Anatomical MRI and DTI in the Diagnosis of Alzheimer's Disease: A European Multicenter Study

Department of Psychiatry, University of Rostock, Rostock, Germany DZNE, German Center for Neurodegenerative Diseases, Rostock, Germany.
Journal of Alzheimer's disease: JAD (Impact Factor: 4.15). 09/2012; 31:S33-47. DOI: 10.3233/JAD-2012-112118
Source: PubMed


Diffusion tensor imaging (DTI) detects microstructural changes of the cerebral white matter in Alzheimer's disease (AD). The use of DTI for the diagnosis of AD in a multicenter setting has not yet been investigated. We used voxel-based analysis of fractional anisotropy, mean diffusivity, and grey matter volumes from multimodal magnetic resonance imaging data of 137 AD patients and 143 healthy elderly controls collected across 9 different scanners. We compared different univariate analysis approaches to model the effect of scanner, including a linear model across all scans with a scanner covariate, a random effects model with scanner as a random variable as well as a voxel-based meta-analysis. We found significant reduction of fractional anisotropy and significant increase of mean diffusivity in core areas of AD pathology including corpus callosum, medial and lateral temporal lobes, as well as fornix, cingulate gyrus, precuneus, and prefrontal lobe white matter. Grey matter atrophy was most pronounced in medial and lateral temporal lobe as well as parietal and prefrontal association cortex. The effects of group were spatially more restricted with random effects modeling of scanner effects compared to simple pooled analysis. All three analysis approaches yielded similar accuracy of group separation in block-wise cross-validated logistic regression. Our results suggest similar effects of center on group separation based on different analysis approaches and confirm a typical pattern of cortical and subcortical microstructural changes in AD using a large multimodal multicenter data set.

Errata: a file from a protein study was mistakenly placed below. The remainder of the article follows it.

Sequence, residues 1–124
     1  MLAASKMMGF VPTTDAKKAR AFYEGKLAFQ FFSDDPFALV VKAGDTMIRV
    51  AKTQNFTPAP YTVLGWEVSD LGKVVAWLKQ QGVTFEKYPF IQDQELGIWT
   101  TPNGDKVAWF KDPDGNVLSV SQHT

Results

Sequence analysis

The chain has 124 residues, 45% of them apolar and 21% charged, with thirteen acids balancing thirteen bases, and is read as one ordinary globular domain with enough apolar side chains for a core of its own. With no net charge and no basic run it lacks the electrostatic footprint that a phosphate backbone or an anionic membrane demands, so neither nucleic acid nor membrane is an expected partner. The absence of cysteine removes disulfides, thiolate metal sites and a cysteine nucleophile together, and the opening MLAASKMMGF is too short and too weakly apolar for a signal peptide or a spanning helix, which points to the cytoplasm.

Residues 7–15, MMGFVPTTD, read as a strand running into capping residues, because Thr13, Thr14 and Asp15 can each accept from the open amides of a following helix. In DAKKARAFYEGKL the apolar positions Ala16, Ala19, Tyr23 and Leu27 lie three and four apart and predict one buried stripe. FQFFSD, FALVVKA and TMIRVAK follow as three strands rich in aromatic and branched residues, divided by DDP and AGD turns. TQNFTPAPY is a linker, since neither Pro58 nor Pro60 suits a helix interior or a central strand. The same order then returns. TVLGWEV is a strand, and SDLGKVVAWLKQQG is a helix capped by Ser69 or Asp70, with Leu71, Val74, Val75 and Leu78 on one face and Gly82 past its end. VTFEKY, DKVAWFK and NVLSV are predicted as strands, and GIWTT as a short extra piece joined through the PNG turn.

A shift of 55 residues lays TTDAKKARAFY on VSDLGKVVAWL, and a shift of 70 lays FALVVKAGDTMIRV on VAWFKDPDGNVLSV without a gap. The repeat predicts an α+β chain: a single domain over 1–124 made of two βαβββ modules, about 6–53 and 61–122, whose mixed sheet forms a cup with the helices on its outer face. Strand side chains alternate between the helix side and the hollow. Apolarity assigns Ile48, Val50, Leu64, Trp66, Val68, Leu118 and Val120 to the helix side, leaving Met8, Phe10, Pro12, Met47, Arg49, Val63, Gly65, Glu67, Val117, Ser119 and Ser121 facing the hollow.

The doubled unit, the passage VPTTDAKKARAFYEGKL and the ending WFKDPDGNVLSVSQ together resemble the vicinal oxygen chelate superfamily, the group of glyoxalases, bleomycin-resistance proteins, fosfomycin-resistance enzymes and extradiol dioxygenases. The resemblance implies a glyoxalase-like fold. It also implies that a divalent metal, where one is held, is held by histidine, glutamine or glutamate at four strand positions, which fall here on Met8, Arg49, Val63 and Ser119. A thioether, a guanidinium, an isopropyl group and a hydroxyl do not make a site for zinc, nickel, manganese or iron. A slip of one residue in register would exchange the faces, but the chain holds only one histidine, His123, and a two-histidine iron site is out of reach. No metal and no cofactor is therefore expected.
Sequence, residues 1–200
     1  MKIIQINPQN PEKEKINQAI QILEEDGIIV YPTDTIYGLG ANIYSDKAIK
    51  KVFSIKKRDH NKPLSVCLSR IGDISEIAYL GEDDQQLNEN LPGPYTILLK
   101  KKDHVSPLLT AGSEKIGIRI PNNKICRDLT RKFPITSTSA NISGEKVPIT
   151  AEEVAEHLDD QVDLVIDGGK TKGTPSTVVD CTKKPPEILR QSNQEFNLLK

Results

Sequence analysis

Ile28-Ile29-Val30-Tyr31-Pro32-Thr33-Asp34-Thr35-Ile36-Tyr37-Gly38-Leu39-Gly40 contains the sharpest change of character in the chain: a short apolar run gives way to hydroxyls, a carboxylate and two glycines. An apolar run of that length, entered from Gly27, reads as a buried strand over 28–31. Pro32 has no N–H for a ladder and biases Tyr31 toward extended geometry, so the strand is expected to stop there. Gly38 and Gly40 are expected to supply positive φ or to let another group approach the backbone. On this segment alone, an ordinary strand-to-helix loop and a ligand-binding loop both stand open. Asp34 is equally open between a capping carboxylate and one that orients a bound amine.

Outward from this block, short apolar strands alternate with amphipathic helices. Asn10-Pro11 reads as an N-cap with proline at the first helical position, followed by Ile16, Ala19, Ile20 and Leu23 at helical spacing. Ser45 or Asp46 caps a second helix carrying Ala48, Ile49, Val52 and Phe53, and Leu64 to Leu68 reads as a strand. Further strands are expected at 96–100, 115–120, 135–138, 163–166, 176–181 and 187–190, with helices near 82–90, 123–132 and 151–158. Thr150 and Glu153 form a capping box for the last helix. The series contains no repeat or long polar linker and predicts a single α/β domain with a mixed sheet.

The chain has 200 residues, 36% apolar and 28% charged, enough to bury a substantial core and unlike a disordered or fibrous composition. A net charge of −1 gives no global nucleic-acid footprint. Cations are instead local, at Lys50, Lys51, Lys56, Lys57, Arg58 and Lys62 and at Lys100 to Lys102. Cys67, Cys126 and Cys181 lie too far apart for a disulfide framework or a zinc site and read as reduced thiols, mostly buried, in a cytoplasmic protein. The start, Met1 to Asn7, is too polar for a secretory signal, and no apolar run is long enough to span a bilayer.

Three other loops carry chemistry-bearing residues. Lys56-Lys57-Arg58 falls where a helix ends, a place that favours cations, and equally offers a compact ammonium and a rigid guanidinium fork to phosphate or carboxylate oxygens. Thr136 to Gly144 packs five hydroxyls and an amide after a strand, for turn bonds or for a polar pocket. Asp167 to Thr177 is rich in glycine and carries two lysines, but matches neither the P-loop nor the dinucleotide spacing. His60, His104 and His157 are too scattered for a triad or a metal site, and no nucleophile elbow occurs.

Download full-text


Available from: Harald J Hampel, Feb 14, 2015
67 Reads
  • Source
    • "Data were obtained from ten different MRI scanners, including seven 3.0 Tesla and three 1.5 Tesla scanners . Acquisition parameters for the DTI sequences can be obtained from [22]. The number of gradient directions varied between 6 and 61 across the different scanners. "
    [Show abstract] [Hide abstract]
    ABSTRACT: Diffusion tensor imaging (DTI) allows the simultaneously measurement of several diffusion indices that provide complementary information on the substrate of white matter alterations in neurodegenerative diseases. These indices include fractional anisotropy (FA) as measure of fiber tract integrity, and the mode of anisotropy (Mode) reflecting differences in the shape of the diffusion tensor. We used a multivariate approach based on joint independent component analysis of FA and Mode in a large sample of 138 subjects with Alzheimer's disease (AD) dementia, 37 subjects with cerebrospinal fluid biomarker positive mild cognitive impairment (MCI-AD), and 153 healthy elderly controls from the European DTI Study on Dementia to comprehensively study alterations of microstructural white matter integrity in AD dementia and predementia AD. We found a parallel decrease of FA and Mode in intracortically projecting fiber tracts, and a parallel increase of FA and Mode in the corticospinal tract in AD patients compared to controls. Subjects with MCI-AD showed a similar, but spatially more restricted pattern of diffusion changes. Our findings suggest an early axonal degeneration in intracortical projecting fiber tracts in dementia and predementia stages of AD. An increase of Mode, parallel to an increase of FA, in the corticospinal tract suggests a more linear shape of diffusion due to loss of crossing fibers along relatively preserved cortico-petal and cortico-fugal fiber tracts in AD. Supporting this interpretation, we found three populations of fiber tracts, namely cortico-petal and cortico-fugal, commissural, and intrahemispherically projecting fiber tracts, in the peak area of parallel FA and Mode increase.